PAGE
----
Poetry leads to the same place as all forms of eroticism--
to the blending and fusion of separate objects.

                                                        —Georges Bataille

Poetry & Eroticism

The pattern which may be glimpsed at heightened moments, is essentially mystical. It is a theme which runs through the history of erotic literature, suggesting that—just as every poem is an illumination of heightened experience—good erotic novels are illuminations of heightened experience of eroticism.

The idea that we will ever know of the universal pattern of being is apprehended during these heightened moments is difficult to argue rationally, but it can be expressed with overwhelming emotional logic in both poetry and erotic fiction, forms which have their primary effect on the reader’s emotions. By a re-creation of the details which led to the moment of heightened experience—of union with the pattern of being—poets and erotic writers hope to approximate the emotional impact of the moment itself.
Like contemporary poetry, contemporary erotic literature suggests the marvelous by means of allusiveness, fragmentation and disorientation. The unfolding of mystery seldom flows on a logical narrative fashion, coming rather in startling, momentary glimpses behind the veil between us and the universal pattern.

Erotic literature is as likely as poetry to be experimental in presentation.

The poets who have written erotic literature have discovered in the sexual encounter and in the conventions of the genre the material for the creation of new dreams.


What is being celebrated in erotic fiction is the moment of heightened conciousness that occurs during sex.

In a similar fashion the poet attempts to excite the reader’s senses by means of his diction in order to re-create the feeling of this heightened moment.

The poet and the erotic novelist choose emotional rather than rational persuasion as their objective.

The danger of this appeal to the emotions is that in order to be effective it must draw from the depths in the personality that have been kept secret, often a frightening experience.

The internal censor that protects us from our emotions by keeping our secrets buried is the same force that dulls our receptivity to the sudden insights of poetry. This moment—when the veil between our civilized selves and our primitive selves is pierced—is like a hole in our armor through which the erotic novelist slips to discover the nature of the secrets we have taken such great care to hide.

… poets who write erotic novels find the genre sympathetic because its subject matter is part of the raw material of poetry, and further, that since erotic novels are written along lines determined by emotional necessity, poets may write erotic novels the way they write poems.

The poet who writes a psychological novel with a conventionally logical narrative does so with another part of himself than he draws from when he writing poems.

Poets have two sacred duties: One is to keep the language in good repair, and the other is the illumination of experience. In the performance of this second duty, poets have turned their attention to the erotic writing.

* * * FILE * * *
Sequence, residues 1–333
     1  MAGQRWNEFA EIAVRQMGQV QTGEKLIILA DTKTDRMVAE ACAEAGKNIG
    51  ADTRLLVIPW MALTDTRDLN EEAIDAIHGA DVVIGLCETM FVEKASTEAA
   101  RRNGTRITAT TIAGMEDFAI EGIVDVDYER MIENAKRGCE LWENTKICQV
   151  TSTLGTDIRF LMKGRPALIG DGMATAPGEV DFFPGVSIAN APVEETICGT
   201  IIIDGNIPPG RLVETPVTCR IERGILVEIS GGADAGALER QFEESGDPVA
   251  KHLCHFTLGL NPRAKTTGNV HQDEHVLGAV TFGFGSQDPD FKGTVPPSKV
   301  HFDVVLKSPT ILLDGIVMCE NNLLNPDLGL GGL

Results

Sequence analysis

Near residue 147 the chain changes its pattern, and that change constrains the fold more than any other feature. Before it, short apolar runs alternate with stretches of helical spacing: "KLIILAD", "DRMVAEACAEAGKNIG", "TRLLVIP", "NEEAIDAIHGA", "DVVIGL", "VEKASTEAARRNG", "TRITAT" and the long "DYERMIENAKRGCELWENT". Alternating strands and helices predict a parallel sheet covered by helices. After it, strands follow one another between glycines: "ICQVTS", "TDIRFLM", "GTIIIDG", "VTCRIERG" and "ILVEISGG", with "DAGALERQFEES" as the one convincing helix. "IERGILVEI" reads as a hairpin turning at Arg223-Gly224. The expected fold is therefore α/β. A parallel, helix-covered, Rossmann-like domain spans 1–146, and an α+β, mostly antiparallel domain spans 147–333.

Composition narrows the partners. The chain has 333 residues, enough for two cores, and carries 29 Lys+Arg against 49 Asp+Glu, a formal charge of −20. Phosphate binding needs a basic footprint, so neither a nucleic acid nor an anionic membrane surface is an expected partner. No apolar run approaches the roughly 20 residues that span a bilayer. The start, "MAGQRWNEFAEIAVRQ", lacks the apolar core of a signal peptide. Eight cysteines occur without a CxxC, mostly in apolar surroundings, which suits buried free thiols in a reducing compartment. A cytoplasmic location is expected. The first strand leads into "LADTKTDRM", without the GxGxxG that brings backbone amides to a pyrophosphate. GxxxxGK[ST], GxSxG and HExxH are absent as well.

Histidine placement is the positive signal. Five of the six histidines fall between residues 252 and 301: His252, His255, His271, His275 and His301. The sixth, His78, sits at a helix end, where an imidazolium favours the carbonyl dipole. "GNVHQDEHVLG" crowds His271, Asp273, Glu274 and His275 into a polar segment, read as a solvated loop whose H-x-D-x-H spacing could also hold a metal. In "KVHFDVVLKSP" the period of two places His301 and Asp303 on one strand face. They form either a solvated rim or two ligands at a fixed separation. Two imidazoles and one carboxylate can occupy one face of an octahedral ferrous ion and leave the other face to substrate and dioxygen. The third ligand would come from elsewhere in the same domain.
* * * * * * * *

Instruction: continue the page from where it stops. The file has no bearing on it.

It is the poet’s task to interpret and illuminate its meaning. He has his ear to the same inner music when he writes poems or erotic novels, and the full harvest of his interest in eroticism is still to come.

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The imaginative approaches to the theme of love, to the making of a mythos for it, are manifold,
and poets in this artistic mode of the pornographic genre are poets. Their use of pornography,
therefore, follows the dictates of imagination.

                                                        —Peter Michelson
If the poet and the erotic novelist draw from the same well—and are often the same person—why is it that we do not have a distinguished tradition of erotic poetry?

Censorship does not spare poetry when it sees a forbidden word on the page, and poets have a hard enough time finding an audience these days without running the risk of seeming offensive as well as obscure.

…poetry must bear the burden of delicacy and subtlety that has been associated with it in the modern era.

The limerick—rhythmical, brief and humorous—is the ideal form of erotic poetry in puritanical cultures. Sex in the limerick is put in its place by laughter.

Poetic form depersonalizes the erotic experience, just as laughter does.

Sex only becomes threatening when it can no longer be laughed at, for laughter implies that a safe distance has been set between reader and sexual experience, whether the laughter originates in embarrassment or sophistication. This may account for the fact that most erotic poetry is humorous; generally speaking, when poets write seriously about sexuality the results are called love poems.

Humorous or conventionally formalistic poets distance themselves from their subject matter, but the straightforward approach of the new erotic poets demonstrates that there need be nothing embarrassing about the serious exploration of erotic experience.


Poets are the keepers of the language and for poets of the sixties this applied to the Anglo-Saxon vocabulary of sexuality.

Unfortunately, contemporary poetry does not reflect the possibilities inherent
in the encounter between poet and eros.
When a poet censors his vision, he no longer tells the truth as he sees it.
                                                        —Lenore Kandel

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Text excerpted from The Secret Record by Michael Perkins, from the chapters "The Poet as Erotic Novelist" and "Erotic Poetry." Images are by Mark Sink, Emil Schildt, Jay Gumm, Paco Ferrer, Jay Gumm, and Paco Ferrer, consecutively. Collage by Terri Carrion.